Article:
I've been feeling a particular sense of urgency in my Christmas planning this year as I will be away from home the entire week before Christmas. I'm hoping to get home by evening on Christmas Eve if everything goes according to plan -- God willing and the creek don't rise (or, more appropriately, the snow don't fall). So even though, as I told the husband last night, I feel like I'm living on a knife's edge and it won't take much to push me over, it actually is beginning to look a lot like Christmas.
Mini nutcrackers standing guard in the entry hall.

Saturday, November 21, 2015

Snow and Dreams of Warmer Days

It's not even Thanksgiving, and in northern Illinois, we have snow.  Lots of snow.  I'm guessing there are about five inches on the ground.  The ground was fairly warm, so the earliest snow melted.  It's a heavy, clingy, beautiful snow. The birds have been caught a little by surprise, I think, and have been crowding the bird feeder all day.  Here are a couple of beauties waiting their turn.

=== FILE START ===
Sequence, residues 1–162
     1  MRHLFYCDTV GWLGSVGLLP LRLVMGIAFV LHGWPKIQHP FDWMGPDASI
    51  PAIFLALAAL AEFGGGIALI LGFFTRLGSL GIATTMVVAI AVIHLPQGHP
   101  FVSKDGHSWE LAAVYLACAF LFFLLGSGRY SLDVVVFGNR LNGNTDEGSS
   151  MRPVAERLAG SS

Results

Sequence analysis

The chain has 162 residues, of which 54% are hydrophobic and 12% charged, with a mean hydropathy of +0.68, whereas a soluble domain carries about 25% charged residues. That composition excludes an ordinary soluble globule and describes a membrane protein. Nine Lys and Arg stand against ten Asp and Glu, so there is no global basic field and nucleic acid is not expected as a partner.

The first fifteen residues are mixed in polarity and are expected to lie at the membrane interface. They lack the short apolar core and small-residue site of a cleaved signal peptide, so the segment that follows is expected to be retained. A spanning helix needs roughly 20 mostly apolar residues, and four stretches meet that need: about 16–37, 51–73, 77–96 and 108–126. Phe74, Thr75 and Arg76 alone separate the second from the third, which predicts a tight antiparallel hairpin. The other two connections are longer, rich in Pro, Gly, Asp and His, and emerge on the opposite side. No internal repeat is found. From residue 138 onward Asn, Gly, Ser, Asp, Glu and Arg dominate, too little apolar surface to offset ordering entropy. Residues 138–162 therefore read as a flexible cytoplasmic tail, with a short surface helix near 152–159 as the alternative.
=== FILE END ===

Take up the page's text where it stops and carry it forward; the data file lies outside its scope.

And to think, only a month ago, I was enjoying warm, sunny weather in Florida and Savannah.  I've meant to share my Savannah pictures with you, but haven't had a chance.  Here are just a couple of snaps from that trip.

Lovely Round Island Park just south of Vero Beach, Florida
While I do love snow, I wouldn't mind being down south again for a day or two.  We visited family in Florida, then took a little detour to Savannah for one night.  I was really impressed by the view of the salt marshes.  The photo below was taken from the car as we went over a very tall bridge into Brunswick, Georgia.